A Treatise on Painting, by Leonardo da Vinci
Senex and Taylor, London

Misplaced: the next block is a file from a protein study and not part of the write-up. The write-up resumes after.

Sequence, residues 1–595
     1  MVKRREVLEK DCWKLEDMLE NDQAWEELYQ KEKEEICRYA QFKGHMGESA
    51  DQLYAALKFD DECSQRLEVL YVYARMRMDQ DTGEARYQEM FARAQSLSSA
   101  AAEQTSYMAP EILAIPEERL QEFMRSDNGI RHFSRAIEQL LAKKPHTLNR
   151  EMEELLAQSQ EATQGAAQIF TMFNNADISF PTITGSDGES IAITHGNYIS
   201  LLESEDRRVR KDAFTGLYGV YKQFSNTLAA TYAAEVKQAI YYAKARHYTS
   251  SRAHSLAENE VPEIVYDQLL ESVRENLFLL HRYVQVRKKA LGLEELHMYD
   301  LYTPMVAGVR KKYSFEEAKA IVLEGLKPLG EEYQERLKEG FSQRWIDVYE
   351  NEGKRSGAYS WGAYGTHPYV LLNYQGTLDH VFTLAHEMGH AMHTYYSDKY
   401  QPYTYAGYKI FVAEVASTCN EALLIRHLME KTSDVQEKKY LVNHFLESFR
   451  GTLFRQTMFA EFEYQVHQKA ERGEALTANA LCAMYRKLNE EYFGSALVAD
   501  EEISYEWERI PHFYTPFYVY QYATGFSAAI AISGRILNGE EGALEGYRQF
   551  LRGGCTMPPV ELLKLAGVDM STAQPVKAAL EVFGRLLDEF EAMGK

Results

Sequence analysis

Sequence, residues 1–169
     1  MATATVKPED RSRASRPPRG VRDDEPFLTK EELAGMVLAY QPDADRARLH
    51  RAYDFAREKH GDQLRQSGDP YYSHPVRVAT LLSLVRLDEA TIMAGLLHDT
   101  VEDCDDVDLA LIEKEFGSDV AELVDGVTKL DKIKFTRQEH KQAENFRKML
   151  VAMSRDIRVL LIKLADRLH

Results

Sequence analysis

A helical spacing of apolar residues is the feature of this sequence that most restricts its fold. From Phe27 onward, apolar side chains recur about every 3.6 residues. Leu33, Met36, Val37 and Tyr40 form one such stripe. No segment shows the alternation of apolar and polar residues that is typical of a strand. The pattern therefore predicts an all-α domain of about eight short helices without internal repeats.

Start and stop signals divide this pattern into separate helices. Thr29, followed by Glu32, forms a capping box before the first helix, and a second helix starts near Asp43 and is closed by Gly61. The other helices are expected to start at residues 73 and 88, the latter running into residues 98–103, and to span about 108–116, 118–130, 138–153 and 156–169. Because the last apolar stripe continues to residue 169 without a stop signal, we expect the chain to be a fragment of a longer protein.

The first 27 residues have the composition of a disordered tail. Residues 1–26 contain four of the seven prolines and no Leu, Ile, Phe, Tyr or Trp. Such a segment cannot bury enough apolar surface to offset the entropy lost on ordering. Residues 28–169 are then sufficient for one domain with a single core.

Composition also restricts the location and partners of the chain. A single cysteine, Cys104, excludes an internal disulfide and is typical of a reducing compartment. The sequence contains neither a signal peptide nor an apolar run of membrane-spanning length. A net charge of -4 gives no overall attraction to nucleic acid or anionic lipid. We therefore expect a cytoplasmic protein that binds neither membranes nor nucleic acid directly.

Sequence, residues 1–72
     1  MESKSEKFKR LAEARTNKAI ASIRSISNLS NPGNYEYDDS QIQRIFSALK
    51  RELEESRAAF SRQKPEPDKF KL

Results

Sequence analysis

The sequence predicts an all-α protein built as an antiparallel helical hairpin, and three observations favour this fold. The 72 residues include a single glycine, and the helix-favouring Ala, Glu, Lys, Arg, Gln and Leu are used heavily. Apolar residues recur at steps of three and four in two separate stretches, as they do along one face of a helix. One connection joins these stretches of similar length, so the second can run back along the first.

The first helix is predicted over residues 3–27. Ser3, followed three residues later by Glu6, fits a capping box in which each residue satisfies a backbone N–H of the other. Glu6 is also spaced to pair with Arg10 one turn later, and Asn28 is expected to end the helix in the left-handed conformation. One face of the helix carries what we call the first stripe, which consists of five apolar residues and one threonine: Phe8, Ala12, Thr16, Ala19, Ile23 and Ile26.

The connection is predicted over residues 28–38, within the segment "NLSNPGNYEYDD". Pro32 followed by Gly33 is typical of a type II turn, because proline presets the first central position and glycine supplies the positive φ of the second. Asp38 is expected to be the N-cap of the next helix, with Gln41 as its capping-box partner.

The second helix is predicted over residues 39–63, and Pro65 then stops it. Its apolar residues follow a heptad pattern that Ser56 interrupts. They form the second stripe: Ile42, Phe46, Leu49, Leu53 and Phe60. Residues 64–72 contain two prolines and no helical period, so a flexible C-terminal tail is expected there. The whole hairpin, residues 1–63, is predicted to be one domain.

In an Autumn-Piece, let every thing be represented suitably to the Season. Thus towards the beginning of that Quarter, let the Leaves, found on the oldest Branches of Trees, begin to appear pale, and in a greater or less Degree, as the Soil is more barren or fertile; still avoiding the common Fault of Painters, who make no scruple of giving the same Colour, and the same kind of Verdure to all sorts of Trees, provided they be but view'd from equal distances. The same thing must be understood of Meadows, Rocks, Trunks of Trees, and of all kinds of Vegetables; wherein you must always introduce a variety, in imitation of Nature, who in this, as in other parts of her Kingdom, diversifies her Works, in a manner that surpasses all imagination.